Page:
Forward Secrecy, also known as Perfect Forward Secrecy (PFS), is a security feature that helps protect encrypted communication even if the encryption keys get compromised in the future.
It does this by using unique, temporary session keys for each individual communication session rather than relying on a single, long-term key.
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To give you an analogy, imagine you have a secret decoder ring for exchanging messages with your friends.
If someone gets their hands on your ring, they can decode all your past and future messages.
But with Perfect Forward Secrecy, it’s as if you use a new decoder ring for every message you send and then throw it away.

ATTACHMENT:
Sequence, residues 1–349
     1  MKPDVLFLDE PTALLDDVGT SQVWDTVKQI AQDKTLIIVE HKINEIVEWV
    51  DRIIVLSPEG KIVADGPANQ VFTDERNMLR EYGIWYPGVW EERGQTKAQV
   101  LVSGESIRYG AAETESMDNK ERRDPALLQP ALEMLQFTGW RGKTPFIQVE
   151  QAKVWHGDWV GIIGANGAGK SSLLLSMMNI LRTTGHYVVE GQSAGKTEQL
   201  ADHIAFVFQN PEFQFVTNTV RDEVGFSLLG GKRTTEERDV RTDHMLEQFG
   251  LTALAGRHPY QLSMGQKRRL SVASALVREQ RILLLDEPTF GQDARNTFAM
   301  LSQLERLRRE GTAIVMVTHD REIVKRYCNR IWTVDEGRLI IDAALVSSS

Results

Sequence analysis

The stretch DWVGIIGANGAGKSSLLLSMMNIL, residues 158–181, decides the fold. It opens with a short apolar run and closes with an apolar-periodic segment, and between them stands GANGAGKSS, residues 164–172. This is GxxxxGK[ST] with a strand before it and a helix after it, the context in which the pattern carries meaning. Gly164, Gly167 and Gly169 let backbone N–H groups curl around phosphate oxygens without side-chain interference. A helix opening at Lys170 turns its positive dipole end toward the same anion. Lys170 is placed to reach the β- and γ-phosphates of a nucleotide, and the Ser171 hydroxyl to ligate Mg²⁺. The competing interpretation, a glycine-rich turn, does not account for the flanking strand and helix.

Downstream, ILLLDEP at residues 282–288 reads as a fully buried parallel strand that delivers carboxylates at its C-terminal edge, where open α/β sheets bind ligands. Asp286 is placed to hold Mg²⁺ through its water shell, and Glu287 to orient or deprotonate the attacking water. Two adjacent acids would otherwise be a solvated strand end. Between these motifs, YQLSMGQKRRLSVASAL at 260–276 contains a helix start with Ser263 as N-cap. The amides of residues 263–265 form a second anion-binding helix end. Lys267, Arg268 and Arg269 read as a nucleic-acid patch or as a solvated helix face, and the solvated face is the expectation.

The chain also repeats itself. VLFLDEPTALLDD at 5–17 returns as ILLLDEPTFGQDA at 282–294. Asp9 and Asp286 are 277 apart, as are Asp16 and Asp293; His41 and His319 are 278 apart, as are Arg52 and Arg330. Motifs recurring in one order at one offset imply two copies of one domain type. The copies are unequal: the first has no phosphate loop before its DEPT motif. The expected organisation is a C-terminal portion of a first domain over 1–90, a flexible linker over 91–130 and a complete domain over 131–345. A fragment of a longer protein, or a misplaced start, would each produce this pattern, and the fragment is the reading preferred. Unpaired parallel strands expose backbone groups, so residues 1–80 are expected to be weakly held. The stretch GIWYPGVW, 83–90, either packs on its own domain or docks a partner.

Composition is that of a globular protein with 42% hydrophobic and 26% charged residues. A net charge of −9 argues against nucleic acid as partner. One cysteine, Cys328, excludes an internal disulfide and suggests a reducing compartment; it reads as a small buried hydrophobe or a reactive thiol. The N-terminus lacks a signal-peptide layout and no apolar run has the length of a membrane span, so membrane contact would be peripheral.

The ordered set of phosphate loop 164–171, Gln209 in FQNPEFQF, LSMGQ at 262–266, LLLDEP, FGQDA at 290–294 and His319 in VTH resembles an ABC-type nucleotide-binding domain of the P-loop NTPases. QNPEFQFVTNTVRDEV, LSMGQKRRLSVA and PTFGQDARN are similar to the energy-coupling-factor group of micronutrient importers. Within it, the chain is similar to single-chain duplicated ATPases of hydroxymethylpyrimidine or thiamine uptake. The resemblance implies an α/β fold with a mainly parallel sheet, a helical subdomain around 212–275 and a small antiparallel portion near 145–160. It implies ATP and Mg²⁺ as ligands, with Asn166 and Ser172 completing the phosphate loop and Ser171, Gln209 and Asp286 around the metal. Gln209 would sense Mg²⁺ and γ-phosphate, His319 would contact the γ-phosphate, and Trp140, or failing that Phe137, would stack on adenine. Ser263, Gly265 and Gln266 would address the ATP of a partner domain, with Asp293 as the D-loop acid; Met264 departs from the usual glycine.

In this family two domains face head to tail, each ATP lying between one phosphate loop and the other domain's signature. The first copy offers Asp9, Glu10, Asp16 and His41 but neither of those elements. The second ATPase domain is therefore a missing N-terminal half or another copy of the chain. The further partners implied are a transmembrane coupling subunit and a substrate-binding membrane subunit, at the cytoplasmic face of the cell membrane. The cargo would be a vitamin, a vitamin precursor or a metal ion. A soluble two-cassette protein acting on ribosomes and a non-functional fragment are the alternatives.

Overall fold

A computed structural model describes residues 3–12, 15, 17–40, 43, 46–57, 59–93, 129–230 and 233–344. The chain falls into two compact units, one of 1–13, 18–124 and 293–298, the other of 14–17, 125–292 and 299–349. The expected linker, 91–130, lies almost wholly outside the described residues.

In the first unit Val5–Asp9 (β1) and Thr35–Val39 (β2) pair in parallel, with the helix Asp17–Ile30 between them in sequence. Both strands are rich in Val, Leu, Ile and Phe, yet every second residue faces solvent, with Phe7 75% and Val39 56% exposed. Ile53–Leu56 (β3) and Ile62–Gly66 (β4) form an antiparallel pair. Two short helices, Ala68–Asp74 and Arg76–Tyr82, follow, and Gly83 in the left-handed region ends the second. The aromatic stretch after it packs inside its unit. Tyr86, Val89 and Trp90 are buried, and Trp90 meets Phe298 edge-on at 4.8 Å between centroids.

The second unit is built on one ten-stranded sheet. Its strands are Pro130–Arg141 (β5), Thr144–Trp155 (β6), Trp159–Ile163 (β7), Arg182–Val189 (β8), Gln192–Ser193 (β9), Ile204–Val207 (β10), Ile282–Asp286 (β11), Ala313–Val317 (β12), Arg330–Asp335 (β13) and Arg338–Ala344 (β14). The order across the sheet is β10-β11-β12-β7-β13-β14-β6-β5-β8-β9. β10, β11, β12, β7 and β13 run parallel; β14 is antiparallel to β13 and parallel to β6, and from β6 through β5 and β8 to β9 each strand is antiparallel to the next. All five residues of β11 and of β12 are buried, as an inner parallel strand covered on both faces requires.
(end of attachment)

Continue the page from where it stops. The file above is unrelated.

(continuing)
So, even if someone gets hold of one of your rings, they can only decode the message tied to that specific ring and not the others.
In the context of encrypted communication, such as HTTPS connections, Perfect Forward Secrecy ensures that even if a server’s private key gets compromised, past communication sessions remain secure because the session keys are not derived from the long-term private key.
This adds an extra layer of security, making it more difficult for attackers to decrypt past communication data.
"Amateurs hack systems, professionals hack people."
-- Bruce Schneier, a renown computer security professional